Let’s get the context established quickly. This is, as I have said, a moral panic. It is not the case that the Labour Party has gone all antisemitic because of the lefties. That is a baseless claim, being extrapolated - completely unjustifiably - from a handful of cases. Anyone trying to claim otherwise has a responsibility to justify that claim with something more than verbal prestidigitation.
Further, in a number of these cases, the allegation of antisemitism confuses criticism of Israel and Zionist politics with racism toward Jews. For example, Tony Greenstein is not an antisemite by any stretch of the imagination. He is a Jewish pro-Palestine activist who has spent a lot of time working to keep antisemitism out of the movement. I remember conversing with him about that during the period in which the SWP was hosting the antisemitic jazz player, Gilad Atzmon. Yet he has been suspended from the Labour Party on account of his propensity to criticise Zionist politics. Malia Bouattia is not a member of the Labour Party, but she has been fiercely and ruthlessly vilified in the national media as an antisemite on the basis of her criticisms of Zionist politics.
Even where there are cases of antisemitism, the way in which this is criticised in the media often tends to conflate antisemitism with anti-Zionism. For example, Naz Shah MP, who replaced George Galloway in Bradford West, was certainly being antisemitic when she said of an online poll back in 2014 (before her candidacy) that “the Jews are rallying”. “The Jews” don’t act in corporate unity, and don’t speak with one voice, and the idea that they do is simply and straightforwardly racist. But the first issue on which she was accused of antisemitism was a frankly trite Facebook meme, which she shared, satirically suggesting that Israel be re-located to the United States. Shah joked that she would tweet the idea to Obama, adding that it would save the US $3bn a year. Our pundits, with a marvellous cynicism matched only by a matchless poker-face, have claimed that this amounted to an ‘endorsement’ of ‘forced transfer’, or something like ethnic cleansing. Given who has actually been subject to ‘forced transfer’ in Israel/Palestine, it must take a lot to keep a straight face while claiming that.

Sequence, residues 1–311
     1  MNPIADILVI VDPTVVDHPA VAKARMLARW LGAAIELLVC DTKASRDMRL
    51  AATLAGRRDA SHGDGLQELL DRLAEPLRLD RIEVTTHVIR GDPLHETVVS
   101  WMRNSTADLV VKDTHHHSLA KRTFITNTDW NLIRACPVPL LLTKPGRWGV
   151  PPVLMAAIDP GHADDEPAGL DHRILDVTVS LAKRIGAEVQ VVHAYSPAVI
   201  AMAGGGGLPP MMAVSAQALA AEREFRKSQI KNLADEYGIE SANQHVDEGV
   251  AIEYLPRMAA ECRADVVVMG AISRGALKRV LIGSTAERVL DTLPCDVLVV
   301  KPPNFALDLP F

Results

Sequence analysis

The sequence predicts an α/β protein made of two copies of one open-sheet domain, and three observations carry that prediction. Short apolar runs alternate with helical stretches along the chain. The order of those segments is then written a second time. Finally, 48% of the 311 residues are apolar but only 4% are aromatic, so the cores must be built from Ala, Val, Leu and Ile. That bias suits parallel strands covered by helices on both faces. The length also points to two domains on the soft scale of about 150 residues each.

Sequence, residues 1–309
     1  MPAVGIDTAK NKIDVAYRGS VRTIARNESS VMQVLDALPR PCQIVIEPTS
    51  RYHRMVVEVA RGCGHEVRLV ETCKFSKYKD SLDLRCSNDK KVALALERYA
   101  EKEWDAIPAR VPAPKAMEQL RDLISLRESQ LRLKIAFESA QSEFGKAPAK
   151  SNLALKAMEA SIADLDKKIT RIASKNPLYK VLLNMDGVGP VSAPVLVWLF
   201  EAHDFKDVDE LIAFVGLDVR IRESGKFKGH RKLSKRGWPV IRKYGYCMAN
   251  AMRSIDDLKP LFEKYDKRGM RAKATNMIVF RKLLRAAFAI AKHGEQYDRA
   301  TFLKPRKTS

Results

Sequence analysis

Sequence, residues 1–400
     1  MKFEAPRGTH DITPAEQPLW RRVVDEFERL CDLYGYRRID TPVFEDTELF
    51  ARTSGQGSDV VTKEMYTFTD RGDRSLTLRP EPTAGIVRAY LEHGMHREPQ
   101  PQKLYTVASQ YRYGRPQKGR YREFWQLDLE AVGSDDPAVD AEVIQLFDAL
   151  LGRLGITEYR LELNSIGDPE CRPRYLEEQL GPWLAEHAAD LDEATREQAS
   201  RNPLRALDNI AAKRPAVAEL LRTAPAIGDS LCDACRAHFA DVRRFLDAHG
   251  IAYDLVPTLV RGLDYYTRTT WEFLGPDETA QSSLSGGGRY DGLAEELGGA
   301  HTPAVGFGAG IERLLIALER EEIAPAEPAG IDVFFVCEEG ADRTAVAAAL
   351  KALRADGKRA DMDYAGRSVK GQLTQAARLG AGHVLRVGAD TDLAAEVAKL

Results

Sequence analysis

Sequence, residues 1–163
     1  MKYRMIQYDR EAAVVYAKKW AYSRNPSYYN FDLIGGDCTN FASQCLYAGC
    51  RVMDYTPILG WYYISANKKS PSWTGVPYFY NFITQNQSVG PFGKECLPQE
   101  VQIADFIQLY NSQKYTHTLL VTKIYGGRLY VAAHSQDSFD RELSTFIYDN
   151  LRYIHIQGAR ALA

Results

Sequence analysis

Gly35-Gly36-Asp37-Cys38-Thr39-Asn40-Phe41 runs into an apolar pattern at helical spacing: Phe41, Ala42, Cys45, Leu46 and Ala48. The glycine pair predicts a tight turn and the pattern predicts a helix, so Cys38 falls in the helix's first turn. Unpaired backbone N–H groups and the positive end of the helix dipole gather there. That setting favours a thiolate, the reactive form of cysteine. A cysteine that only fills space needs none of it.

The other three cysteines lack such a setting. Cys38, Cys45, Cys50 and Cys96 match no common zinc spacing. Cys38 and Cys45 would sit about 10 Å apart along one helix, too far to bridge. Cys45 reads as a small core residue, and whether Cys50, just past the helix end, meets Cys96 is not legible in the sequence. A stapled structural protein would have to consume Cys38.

Or, to take another example, Shah was accused of antisemitic provocation for having, in the context of criticising '#ApartheidIsrael', shared a quote from Martin Luther King Jr., which said: "We should never forget that everything Adolph Hitler did in Germany was 'legal'." The full quote goes on: "and everything the Hungarian freedom fighters did in Hungary was 'illegal.' It was 'illegal' to aid and comfort a Jew in Hitler's Germany". In other words, King's statement was a defence of civil disobedience. When the media report this without context along the lines of, "she talked about how everything Hitler did was legal," this makes it sound as though she was endorsing Hitlerian attitudes and actions toward the Jews, rather than Palestinian civil disobedience. In other words, it is a malicious slur.
So this debate, with its rapid-fire denunciations and ex-communications, is already structured in such a way as to inculpate criticism of Israel or of Zionist politics. It is already saturated with mendacity on the part of those wielding the accusations. It is in danger of creating a new situation, wherein all but the most tame of criticisms of Israel are considered unspeakable. And, of course, it is wildly hypocritical. Boris Johnson is mayor of London and a leading member of the Conservative Party after years of racism against black people and Muslims. The Tories are openly using racism against Sadiq Khan, without any visible sign of embarrassment. Repeated Islamophobic provocations from New Labour frontbenchers and backbenchers never resulted in any setbacks in terms of career or party membership. This is not a country in which racism usually bears significant political costs. One case in which it did bear a cost was when Phil Woolas’s crude Islamophobic campaign to keep his parliamentary seat in 2010 went so far that it broke election law and forced a new election - and even then, it was more because he lied about his opponent than because he slandered Muslims.
To reiterate, dishonesty, hypocrisy and malice are structured into this discussion, which is more redolent of a McCarthyite inquisition than a real debate. So, what did Ken Livingstone’s intervention do in this context? It’s obvious what has been done to him, and I will come back to that, but what did he try to do? He, in short, set out to defend Naz Shah MP, and to disentangle antisemitism from critique of Israel. Unfortunately, in attempting the former, he achieved the opposite of the latter. That is, by rationalising and explaining away Shah’s comments - including the indefensible remark about "the Jews" - he ended up saying some stupid things which backfired horribly.